(Possibly 1980 in North Carolina)
Survivors of Famed Battalion Trade War Stories at Reunion
The News and Observer (Raleigh, NC), Page 21, Saturday, 28 Jun 1980
In November 1943, during a fierce battle in the mountains of Italy, two young American soldiers named Charles Doyle and Robert Akers had a chance encounter that neither will ever forget. "I remember it like it was yesterday," Doyle says. "We were under heavy artillery fire from all sides, and Bob got hit in the eye.” "I had to get him to cover, and, since I couldn't carry him. I had to drag him down the mountain. I knew I was hurting him, but there was nothing else I could do.” "He used to call me 'kid.' As we went down the mountain, he kept crying out: “Oh, kid. Oh, kid.” I knew I was half killing him. But I got him down the hill and turned him over to a medic. Then I went back up to rejoin the company."
Thursday, in Raleigh, Doyle and Akers met under more pleasant circumstances. They laughed and hugged and posed for pictures and never once had to dodge an enemy bullet. The occasion was the annual reunion of the 509th Parachute Infantry Battalion, which ends it three-day run at the Royal Villa Hotel today. About 125 alumni of the Battalion, among the most decorated of World War II, gathered at the reunion “Command Post” (actually a hospitality room) to exchange greetings, phone numbers, scrapbooks, and, most of all, stories. They filled the room like cigar smoke at an all-night poker game.
"I never did believe all the stories these guys tell," kidded Ray Cagle, who came all the way from Seattle to see his old combat buddies. 'I’m here to get the truth , once and for all." The truth, as Doyle, the unofficial battalion historian tells it, was that the 509th was the first American parachute troop ever to go into battle. The 509th made more jumps--five--than any other battalion in World War II. And, not to be forgotten, Doyle said, the 509th was the toughest battalion that ever lived.
Of the roughly 2,500 who served in the 509th during the war, about half were killed in combat. said Doyle, who has written a soon-to-be-published book about the battalion, "Stand in the Door".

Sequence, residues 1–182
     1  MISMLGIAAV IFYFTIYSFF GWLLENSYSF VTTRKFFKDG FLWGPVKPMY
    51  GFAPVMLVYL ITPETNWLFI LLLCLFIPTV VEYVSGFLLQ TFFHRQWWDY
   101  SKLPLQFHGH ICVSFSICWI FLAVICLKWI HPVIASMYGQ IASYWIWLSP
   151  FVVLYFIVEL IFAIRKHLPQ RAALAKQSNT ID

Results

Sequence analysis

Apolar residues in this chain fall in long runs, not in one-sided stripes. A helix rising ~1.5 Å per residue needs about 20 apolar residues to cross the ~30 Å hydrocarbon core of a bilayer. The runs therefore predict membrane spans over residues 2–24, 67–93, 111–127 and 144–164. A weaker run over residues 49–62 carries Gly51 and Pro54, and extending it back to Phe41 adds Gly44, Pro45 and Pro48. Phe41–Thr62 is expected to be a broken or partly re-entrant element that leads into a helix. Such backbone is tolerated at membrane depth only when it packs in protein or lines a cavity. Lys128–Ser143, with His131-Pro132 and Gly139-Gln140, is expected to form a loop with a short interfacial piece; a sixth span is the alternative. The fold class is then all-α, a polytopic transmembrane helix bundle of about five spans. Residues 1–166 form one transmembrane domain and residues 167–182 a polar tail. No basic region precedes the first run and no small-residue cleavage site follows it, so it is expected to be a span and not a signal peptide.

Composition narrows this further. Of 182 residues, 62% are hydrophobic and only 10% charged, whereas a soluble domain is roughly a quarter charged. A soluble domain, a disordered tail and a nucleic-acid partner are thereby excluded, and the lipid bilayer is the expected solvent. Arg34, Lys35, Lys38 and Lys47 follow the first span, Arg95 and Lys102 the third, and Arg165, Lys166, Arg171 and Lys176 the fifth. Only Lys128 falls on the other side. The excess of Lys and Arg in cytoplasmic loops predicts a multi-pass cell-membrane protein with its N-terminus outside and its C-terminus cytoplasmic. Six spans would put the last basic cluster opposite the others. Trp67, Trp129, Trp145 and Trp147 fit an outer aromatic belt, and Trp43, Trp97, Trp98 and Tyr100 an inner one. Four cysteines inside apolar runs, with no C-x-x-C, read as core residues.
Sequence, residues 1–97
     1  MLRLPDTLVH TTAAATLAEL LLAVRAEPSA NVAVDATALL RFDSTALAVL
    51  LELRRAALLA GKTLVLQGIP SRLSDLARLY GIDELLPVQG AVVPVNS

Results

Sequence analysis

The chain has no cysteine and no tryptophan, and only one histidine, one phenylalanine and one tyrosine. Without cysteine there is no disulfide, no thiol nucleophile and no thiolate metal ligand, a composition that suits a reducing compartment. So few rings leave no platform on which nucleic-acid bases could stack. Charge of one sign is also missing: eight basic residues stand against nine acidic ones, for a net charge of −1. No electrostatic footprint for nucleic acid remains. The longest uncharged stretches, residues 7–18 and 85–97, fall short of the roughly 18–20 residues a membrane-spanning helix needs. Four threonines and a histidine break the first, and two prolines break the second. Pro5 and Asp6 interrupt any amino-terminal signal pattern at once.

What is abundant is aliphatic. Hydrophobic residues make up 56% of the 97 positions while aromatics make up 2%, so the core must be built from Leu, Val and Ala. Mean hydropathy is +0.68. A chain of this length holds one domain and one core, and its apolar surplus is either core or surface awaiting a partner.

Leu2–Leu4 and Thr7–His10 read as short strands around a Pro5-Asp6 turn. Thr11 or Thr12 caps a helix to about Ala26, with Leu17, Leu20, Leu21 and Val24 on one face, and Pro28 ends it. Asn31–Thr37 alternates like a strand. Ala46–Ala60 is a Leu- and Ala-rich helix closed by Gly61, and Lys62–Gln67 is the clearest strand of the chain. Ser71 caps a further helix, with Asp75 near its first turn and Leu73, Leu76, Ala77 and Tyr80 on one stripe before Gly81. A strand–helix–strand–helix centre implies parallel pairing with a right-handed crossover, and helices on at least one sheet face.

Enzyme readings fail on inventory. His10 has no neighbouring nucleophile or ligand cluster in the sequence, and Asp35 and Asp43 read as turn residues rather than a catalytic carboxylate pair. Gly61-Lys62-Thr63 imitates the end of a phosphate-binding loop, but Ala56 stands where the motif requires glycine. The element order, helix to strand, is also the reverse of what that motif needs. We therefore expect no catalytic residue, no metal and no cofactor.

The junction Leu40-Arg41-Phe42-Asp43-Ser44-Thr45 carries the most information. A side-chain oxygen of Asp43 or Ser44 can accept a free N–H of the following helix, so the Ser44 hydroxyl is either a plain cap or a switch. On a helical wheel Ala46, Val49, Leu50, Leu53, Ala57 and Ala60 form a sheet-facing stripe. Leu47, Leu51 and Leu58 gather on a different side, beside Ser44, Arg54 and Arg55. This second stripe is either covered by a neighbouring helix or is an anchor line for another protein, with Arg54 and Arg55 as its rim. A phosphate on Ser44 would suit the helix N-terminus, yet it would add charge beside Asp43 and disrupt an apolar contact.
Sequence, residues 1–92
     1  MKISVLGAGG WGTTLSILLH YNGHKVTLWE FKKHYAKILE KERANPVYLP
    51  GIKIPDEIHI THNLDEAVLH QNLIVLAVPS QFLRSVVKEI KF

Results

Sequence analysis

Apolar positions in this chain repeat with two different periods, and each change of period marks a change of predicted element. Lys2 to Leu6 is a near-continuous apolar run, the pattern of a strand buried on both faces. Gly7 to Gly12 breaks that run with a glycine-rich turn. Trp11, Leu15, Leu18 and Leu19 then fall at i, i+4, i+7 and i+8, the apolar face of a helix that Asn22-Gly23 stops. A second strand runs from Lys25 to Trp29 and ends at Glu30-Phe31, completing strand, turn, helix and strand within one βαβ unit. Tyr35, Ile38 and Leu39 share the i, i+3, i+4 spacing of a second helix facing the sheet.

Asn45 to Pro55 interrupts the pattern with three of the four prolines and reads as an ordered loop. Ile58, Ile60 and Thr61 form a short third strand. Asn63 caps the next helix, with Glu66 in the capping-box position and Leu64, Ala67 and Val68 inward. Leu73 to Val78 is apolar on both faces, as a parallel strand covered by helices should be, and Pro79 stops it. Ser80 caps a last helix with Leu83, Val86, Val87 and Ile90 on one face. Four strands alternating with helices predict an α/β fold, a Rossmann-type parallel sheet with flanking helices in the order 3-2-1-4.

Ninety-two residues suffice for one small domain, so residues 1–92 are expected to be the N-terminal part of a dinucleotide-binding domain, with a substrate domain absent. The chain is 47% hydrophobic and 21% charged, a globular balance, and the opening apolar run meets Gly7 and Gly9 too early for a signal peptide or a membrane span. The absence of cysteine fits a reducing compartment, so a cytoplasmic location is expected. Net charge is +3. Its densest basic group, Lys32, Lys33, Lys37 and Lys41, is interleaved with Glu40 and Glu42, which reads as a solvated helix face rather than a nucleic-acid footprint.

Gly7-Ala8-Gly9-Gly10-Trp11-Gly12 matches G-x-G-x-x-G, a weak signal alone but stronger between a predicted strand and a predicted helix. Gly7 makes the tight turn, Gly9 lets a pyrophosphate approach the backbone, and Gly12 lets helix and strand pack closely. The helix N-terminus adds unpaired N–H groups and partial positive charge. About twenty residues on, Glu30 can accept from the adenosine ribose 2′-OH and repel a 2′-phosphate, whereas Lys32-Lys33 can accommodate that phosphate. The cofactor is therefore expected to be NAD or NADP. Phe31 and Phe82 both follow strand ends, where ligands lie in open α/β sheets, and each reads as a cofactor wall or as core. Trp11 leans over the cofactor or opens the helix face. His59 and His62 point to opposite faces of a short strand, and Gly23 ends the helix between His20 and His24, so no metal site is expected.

Battalion members won more than 100 medals, including one Medal of Honor, 62 Silver Stars , 40 Bronze Stars, and 10 Distinguished Crosses "You'll never find a braver group of men anywhere, " said William A Pahl, Sr., a Raleigh painting contractor and 509th veteran who was instrumental in bringing the reunion to North Carolina. They came from Mississippi and Missouri, from Florida and New York, from Massachusetts and Tennessee. And they all had stories to tell. Clyde Baker, a retired plant supervisor from Arnold, Miss , told about his release from a German prison camp. "It was April 23. 1945," he recalled. "The Russians came in and liberated us. Then we had to spend the next two weeks with those SOBs. They said they couldn't let us go till they got clearance from Moscow. So one night about 10 of us slipped past a couple of drunken guards, climbed through a hole in the fence, and made it back to our troops.
The 509th was involved in some of the most famous. and deadly, battles of the war, including the Battle of the Bulge But Doyle said the worst fighting he ever saw took place during the invasion at Anzio Beach in January 1944. "Anzio was an ugly, dog-eat-dog affair," he said. "Everything I remember about it I don't want to remember. We lost a whole company there. It was a hellhole from the word go."
Things are easier now for the veterans of the 509th. Many went on successful careers in and out of the military “We have doctors, lawyers, college professors, you name it, we've got it," Doyle said. “We have the former chief of detectives in New York City, a Supreme Court justice in Oregon, and a sheriff in Georgia. And, of course, we had many who stayed, in the service and did very well."
Most of the men who showed up for the reunion were in good health, but Doyle said age was beginning to take its toll." We lost somebody just last Saturday," he said, wiping a tear from his eye.
Royal Villa Hotel, Raleigh, NC
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